Driving the Self-Publishing Bus

Last night I drove a bus. OK it was in my dream, but the anxiety I felt was one hundred percent real. Sitting up there in the driver’s seat, my left foot barely able to reach and depress the clutch, the loose four-on-the-floor gearshift dancing around as I tried to downshift, I felt wildly out of control.
I failed to make the right turn cleanly at the intersection and ran over the grass strip. I sweated at the thought of stalling it at the next stop sign. And all the while my sister was making unhelpful critical comments behind me. I didn’t see her volunteering to take over. Oh how I wanted to be anywhere but there. Please, I prayed, let me be a passenger and not the driver, not the one in charge.

I searched through the previous day’s events to try to discover why my dream self had created such a tortured role for me to play in the night’s drama. The only thing I came up with was the depressing hopeless feeling I have that, after having sent out over a hundred queries for my memoir Bowing to the Emperor and having received a hundred rejections, I have reached the end of the list of agents, university presses, and indies who might be interested in my manuscript.

What now? I could forget the whole thing and stick the manuscript in a drawer, to share the space and dust with Dutch Treat, the romance novel I cut my writing teeth on. Or, horrors, I could self-publish my oeuvre. In other words, force myself to slide behind the wheel of that lumbering behemoth and drive the damn publishing bus myself.

Easily said, not so easily done. Besides sinking your own money into the project, self-publishing means learning a whole new set of skills, a whole new vocabulary.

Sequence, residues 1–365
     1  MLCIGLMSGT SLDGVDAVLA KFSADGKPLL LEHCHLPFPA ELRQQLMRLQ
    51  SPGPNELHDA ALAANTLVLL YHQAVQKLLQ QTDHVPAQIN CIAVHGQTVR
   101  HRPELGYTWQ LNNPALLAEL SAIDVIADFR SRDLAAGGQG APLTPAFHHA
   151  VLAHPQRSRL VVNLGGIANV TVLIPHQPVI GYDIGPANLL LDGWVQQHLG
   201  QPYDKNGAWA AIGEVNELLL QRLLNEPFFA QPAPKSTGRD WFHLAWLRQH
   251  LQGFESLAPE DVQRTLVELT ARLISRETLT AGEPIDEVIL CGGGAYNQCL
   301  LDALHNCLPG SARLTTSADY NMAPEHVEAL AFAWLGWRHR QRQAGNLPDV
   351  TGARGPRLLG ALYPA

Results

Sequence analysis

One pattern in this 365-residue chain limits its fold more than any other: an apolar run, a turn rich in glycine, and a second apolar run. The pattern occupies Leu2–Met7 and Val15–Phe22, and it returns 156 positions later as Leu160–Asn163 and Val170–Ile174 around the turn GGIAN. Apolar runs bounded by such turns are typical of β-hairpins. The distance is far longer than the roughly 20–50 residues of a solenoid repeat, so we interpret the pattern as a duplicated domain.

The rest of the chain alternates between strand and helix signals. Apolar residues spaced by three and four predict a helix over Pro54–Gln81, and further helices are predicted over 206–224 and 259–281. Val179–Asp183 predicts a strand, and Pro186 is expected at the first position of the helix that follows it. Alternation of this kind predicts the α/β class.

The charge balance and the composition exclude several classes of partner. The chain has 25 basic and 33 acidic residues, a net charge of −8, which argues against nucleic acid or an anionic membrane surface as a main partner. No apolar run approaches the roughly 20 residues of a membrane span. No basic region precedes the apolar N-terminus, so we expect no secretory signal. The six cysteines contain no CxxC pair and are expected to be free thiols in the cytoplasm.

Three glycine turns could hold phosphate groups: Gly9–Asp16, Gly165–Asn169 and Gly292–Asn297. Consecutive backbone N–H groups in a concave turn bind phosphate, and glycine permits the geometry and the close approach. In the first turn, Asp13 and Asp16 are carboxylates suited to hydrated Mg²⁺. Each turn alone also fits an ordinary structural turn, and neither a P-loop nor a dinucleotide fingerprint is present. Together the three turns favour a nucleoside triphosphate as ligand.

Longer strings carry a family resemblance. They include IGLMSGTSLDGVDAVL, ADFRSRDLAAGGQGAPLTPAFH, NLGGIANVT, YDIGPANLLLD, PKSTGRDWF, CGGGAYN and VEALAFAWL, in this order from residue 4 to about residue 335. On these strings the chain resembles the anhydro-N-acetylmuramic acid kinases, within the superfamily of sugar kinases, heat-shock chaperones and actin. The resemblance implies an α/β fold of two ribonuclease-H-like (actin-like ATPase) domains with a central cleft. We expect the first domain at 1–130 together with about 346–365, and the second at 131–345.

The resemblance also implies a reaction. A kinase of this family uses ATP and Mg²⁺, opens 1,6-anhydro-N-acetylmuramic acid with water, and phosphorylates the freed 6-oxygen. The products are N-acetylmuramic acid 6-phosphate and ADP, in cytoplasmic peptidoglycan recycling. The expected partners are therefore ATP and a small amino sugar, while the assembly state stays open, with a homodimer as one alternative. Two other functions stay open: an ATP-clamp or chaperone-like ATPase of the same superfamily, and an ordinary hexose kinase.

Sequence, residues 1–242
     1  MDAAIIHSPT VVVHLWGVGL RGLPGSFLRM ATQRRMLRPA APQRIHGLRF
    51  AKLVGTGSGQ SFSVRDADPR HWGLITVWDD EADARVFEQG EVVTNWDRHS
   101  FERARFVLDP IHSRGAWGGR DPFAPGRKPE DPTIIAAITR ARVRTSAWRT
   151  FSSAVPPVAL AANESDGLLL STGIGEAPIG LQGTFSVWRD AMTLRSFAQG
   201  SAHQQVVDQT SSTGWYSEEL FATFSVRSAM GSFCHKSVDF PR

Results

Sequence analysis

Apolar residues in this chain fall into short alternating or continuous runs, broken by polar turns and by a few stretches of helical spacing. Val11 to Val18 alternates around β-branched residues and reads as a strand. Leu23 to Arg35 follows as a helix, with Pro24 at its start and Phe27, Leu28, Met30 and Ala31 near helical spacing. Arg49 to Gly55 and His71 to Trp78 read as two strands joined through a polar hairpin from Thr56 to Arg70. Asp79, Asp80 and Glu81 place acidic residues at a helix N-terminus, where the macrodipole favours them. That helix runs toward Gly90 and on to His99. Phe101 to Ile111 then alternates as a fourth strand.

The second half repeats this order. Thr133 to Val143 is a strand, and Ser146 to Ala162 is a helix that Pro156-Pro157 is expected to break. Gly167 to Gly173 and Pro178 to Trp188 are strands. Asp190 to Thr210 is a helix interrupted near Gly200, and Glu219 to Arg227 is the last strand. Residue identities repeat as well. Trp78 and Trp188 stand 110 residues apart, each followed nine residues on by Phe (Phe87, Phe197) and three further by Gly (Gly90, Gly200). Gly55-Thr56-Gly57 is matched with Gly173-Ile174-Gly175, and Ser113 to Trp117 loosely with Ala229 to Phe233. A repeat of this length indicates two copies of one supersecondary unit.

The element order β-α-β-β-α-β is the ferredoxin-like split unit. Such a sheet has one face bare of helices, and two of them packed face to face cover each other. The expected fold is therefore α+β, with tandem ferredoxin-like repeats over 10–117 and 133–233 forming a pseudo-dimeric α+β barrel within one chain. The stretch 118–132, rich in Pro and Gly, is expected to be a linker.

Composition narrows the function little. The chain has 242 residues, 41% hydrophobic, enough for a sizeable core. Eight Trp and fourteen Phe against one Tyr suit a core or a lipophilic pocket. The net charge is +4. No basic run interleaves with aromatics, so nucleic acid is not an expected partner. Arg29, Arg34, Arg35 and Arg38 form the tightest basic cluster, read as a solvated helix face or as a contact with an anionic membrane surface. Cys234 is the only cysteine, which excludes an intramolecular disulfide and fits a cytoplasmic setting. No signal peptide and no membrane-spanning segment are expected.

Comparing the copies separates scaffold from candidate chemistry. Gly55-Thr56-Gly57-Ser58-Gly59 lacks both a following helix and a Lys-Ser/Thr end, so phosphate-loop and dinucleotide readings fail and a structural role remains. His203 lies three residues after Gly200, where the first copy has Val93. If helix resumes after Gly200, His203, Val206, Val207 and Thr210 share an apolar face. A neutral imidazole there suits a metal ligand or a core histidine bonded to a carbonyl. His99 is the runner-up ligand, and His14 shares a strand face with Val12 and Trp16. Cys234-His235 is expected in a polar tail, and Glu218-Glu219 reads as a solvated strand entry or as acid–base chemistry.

What are the pluses and minuses of the various companies: Lulu—cute name, is it reliable? CreateSpace—Amazon-related, is that a positive or a negative? Are the dozen others better or worse? What about the cover design and interior design? E-book or printed book? Print on demand? Hard cover or paperback? What trim size? What about illustrations?

And the biggest problem of all—how do you successfully promote, market, and sell the book? Is learning to use social media a must? Really? I have to make like a bird and tweet? Groan.

I’m still twisting and turning, hoping an interested agent will pop out from behind some tree and say, “Here I am. I’ll handle your book.” So far, no trees in sight, though. I guess I’ll go Google “self-publishing” and see what comes up. Do you have a better suggestion?

One thought on “Driving the Self-Publishing Bus

  1. Awwwwww,
    I say this with true feelings of empathy and all joking aside. I can totally relate to this, although my pilgrimage is of an entirely different flavor than yours. Any time we have to deviate from the chosen path and are somewhat pushed to do all “the dirty work” our brains get diluted of the passion. If it were at all possible, I would gladly hand-off the running around “stuff” to someone who claimed that as their passion. I have always tried to be a jack of few trades but instead, find myself working too many trades just to get the job done.
    Good luck with your endeavor, congratulations on your blog, and may you find the right jack for the job!

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